Reliable use and problem detection
A zoned date and time is generally expected to refer to a fixed point in local time, e.g. the time when a meeting occurs, a log entry for a particular incident etc. Common practice is to convert to UTC and assume the local time is merely a display artifact.
However, to the attendee, or the motorist receiving a ticket, or the power engineer trying to determine exactly when an incident occurred, local time is what matters.
What happens if we store only the UTC?
Immediately we can state that anybody retrieving that data cannot determine if the UTC was calculated correctly. If the system storing that data has an old version of timezone data it may well have stored a time which is incorrect. The situation only gets worse over time. As data accumulates we have a mix of times, some calculated correctly, some incorrectly.
This is not an artificially constructed scenario. It is exactly what happened when the timezone rules for the US were changed.
How did vendors suggest that users correct their data? At least one suggested that users take screenshots of their calendar, apply a vendor patch which modified stored times and then compare the before and after.
What should we be storing?
The situation is better if we store local time along with the timezone id. At least then we store the intent of the user - it’s almost always better to preserve the intent. However, that is still not perfect.
To allow full detection of dates and times that will need adjustment we should store 3 values:
- The local time
- The timezone id
- The UTC or the offset.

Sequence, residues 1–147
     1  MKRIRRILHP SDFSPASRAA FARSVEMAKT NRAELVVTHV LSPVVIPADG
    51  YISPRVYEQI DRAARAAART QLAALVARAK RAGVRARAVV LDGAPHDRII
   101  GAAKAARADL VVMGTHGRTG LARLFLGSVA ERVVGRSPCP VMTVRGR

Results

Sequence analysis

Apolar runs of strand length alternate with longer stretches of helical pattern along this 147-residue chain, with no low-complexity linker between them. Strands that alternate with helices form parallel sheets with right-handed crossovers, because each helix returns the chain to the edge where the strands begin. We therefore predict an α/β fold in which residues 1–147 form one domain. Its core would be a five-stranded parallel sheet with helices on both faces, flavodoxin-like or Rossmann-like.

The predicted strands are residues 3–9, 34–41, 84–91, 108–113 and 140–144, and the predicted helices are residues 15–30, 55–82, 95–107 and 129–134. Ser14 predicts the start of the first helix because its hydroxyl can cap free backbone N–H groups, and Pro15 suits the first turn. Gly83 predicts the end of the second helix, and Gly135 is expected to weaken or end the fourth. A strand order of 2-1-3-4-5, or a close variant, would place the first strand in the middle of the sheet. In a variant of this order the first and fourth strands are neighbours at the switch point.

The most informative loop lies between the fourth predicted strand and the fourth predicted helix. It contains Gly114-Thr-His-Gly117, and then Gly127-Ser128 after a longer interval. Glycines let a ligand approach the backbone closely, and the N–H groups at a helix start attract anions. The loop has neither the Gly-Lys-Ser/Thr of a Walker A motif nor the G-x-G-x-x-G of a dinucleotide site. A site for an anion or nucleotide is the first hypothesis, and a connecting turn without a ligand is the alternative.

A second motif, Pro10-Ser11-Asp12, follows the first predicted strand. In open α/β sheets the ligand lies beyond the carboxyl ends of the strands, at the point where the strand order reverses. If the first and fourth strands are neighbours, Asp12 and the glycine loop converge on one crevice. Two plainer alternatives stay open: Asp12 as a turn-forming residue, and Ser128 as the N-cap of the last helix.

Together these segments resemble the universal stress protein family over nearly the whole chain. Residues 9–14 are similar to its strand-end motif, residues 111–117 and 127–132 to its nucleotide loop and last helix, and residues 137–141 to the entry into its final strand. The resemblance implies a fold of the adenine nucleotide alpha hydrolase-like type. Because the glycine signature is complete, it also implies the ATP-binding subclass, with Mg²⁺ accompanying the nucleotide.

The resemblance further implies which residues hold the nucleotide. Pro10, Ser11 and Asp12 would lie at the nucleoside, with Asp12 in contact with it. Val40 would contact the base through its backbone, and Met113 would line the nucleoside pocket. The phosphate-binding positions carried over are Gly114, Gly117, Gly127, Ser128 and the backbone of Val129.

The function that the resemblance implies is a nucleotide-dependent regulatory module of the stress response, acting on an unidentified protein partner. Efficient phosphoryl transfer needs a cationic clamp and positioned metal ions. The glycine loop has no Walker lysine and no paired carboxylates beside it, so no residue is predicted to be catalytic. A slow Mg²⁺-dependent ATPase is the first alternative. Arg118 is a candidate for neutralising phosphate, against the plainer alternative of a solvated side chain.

The UTC is generally more useful for the reasons most people store it: It’s monotonically increasing (if we ignore leap seconds) and it’s easy to calculate true intervals.
When timezone rules change we can now go through our stored data and recalculate the UTC value. If that value is unchanged we’re fine. If it has changed then we need to take some action. In the case of a meeting that action should ALWAYS be to reschedule. The process of agreeing to some meeting time involves settling on a common UTC time. If the timezone rules change then it is possible we are no longer able to attend that meeting at the original local time - represented by a new UTC or at a different local time - represented by the unchanged UTC. Additionally other attendees now need to be given the opportunity to review their own schedules.
What’s wrong with floating time?
Floating time is local time without a timezone. It has very few valid uses. A valid use might be to create an event for some daily activity that always takes place at a given time of day, such as exercise or lunch. However, note that if you share that calendar with someone else they will see those events take place at a time local to them.
In reality the event should probably be tied to the location of a person, something not currently possible with iCalendar.
In short - it’s inadvisable to use floating time for any event or task to be viewed by other people.